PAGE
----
Since its inauguration in 1934, the Museum of Artistic Process and Public Art in Lund, Sweden has gone through several renovations, with its latest extension designed by Elding Oscarson Architects and commissioned by the National Property Board Sweden. Today during the Sweden Architects Association's 2017 Architectural Gala, the Museum of Artistic Process and Public Art was announced as the 2017 winner of the prestigious Kasper Salin Prize for Sweden's Best Building of the year.
The museum was one of four shortlisted finalists, which included the Landamäre School in Gothenburg, the nursing and care home Trädgårdarna in Örebro, and Bruksgården, an expanded art gallery at the Lindéngruppen headquarters in Höganäs. The jury visited and evaluated numerous buildings on site before selecting the final four.
Living up to its name, the museum's latest extension project opens up the building to allow their unique art collection to be more publicly accessible. It includes a new entrance and restaurant.
“The winner is a striking example of the right idea in the right place. Beyond questions of style and current trends, the project’s solid architectural design solves the functional objective efficiently. It also provides a series of new spaces, which in their interaction with the older parts of the building, enhance the experience of the entire museum,” stated architect Bolle Tham, jury chair and founder and partner of Tham & Videgård Arkitekter.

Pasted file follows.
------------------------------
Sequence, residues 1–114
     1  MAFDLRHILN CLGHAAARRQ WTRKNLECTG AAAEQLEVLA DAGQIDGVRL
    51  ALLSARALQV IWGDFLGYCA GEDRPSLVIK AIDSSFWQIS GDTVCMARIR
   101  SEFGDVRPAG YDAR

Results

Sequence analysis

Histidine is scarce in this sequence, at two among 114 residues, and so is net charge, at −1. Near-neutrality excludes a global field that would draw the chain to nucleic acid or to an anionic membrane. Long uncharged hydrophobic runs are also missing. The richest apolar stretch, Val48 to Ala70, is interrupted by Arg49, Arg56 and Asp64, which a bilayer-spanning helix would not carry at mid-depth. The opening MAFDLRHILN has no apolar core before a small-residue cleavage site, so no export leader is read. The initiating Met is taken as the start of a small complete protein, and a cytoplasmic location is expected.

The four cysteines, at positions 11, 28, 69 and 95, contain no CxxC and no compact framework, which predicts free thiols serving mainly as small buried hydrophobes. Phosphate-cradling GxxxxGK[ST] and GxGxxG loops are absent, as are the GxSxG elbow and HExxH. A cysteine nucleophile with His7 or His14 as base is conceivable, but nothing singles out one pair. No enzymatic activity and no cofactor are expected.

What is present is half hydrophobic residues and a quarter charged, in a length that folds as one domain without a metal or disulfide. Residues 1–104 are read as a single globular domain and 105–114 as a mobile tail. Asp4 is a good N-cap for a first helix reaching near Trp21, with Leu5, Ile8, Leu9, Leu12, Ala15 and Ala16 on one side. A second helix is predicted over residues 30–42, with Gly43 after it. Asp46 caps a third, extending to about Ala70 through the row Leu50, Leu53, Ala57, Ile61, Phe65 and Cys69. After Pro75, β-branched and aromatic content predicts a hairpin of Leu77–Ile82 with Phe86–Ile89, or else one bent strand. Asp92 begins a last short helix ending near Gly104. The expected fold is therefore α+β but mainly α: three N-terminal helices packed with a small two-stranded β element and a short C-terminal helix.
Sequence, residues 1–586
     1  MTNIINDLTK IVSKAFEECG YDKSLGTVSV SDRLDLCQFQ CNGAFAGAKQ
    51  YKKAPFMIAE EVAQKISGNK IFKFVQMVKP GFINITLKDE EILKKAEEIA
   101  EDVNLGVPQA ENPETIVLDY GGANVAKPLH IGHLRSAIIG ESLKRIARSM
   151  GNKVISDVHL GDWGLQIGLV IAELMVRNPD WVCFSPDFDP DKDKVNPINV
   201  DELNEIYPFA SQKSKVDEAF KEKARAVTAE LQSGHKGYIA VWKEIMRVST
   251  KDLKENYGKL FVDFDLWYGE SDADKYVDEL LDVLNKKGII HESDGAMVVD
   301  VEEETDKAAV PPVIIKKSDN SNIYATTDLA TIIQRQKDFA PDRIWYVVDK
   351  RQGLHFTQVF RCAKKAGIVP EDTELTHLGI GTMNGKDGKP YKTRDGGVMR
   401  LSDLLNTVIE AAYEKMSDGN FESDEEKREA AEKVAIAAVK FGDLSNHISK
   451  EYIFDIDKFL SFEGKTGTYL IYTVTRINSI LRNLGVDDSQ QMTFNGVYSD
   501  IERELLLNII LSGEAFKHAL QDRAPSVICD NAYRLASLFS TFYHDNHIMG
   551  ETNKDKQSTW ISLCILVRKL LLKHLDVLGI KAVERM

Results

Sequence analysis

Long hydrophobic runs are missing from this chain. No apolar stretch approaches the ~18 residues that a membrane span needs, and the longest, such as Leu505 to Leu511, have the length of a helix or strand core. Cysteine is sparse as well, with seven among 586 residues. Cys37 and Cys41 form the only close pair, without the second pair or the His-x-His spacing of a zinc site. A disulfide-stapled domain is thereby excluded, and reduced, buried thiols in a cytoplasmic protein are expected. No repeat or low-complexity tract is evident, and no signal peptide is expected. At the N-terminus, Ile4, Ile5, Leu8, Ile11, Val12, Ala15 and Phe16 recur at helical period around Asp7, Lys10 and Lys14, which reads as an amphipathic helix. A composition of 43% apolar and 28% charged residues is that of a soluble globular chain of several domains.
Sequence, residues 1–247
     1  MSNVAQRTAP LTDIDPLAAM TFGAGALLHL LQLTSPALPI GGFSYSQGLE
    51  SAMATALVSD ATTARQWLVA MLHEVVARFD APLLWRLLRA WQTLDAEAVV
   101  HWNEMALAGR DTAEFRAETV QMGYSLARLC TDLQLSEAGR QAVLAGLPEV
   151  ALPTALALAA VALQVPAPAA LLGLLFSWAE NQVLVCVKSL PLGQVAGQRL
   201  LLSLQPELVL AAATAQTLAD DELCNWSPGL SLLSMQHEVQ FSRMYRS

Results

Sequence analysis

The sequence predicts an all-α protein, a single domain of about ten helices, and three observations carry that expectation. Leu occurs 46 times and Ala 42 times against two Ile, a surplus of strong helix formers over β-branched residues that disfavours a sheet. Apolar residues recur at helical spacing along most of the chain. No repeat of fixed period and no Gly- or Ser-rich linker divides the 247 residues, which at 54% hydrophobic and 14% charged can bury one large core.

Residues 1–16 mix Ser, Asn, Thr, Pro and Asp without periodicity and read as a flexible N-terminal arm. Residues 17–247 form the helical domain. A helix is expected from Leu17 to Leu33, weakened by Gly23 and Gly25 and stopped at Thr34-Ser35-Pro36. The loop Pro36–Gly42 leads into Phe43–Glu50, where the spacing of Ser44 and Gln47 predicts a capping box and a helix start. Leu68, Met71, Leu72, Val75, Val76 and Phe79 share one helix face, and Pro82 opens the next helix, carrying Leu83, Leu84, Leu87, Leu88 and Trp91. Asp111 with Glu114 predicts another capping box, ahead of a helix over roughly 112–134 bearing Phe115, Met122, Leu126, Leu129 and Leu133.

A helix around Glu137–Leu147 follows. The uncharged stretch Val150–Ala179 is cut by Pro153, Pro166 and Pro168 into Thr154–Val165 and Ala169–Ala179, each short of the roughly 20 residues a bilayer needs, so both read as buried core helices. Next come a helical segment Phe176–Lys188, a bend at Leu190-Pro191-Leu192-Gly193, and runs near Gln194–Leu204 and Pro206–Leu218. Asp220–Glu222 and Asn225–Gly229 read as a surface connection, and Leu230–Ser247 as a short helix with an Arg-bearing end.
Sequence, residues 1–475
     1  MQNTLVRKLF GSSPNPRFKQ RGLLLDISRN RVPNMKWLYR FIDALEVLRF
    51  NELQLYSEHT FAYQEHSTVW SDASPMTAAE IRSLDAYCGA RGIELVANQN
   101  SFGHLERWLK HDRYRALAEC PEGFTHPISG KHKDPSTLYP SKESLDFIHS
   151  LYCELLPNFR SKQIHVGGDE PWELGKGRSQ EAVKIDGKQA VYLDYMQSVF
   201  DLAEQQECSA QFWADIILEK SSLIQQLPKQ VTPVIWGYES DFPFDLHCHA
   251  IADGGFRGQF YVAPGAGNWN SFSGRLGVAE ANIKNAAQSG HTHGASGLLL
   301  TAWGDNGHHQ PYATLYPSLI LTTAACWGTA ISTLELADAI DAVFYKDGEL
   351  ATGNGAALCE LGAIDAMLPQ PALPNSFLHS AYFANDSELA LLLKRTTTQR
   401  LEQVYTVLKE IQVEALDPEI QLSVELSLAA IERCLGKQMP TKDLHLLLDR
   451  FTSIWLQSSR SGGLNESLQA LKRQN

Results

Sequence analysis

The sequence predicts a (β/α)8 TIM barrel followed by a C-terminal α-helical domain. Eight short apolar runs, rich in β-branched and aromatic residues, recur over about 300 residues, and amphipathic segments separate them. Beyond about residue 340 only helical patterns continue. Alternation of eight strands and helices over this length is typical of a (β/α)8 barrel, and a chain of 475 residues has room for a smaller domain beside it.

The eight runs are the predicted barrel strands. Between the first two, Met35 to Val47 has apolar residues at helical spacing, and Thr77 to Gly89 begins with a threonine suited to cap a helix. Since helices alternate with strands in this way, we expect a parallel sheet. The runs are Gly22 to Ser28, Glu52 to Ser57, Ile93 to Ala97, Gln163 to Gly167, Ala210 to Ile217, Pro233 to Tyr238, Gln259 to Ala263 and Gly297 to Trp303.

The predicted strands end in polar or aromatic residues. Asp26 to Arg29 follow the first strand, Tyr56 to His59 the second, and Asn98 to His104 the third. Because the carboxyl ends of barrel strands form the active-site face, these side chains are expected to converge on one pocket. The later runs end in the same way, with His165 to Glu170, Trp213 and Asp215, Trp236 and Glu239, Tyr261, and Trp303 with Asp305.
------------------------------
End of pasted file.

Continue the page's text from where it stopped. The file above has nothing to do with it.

“A seemingly simple solution in a sensitive and multifaceted situation. With a skillful approach, the new extension allows the visitor to immediately grasp the complex structure of the Museum of Artistic Process and Public Art in Lund,” the jury wrote in a statement. “In the form of a contemporary addition in a well-known and proven architectural tradition, beautiful and welcoming spaces are created, elevating the museum to new heights. A close collaboration between the architect and an ambitious developer has resulted in a precise and carefully implemented extension that strengthens the connection to the museum’s collections and the surrounding park area.”
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